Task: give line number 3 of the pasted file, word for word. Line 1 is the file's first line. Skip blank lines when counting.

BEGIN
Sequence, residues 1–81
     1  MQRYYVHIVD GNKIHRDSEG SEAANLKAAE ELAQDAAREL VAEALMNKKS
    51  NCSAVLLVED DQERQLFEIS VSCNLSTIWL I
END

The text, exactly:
    51  NCSAVLLVED DQERQLFEIS VSCNLSTIWL I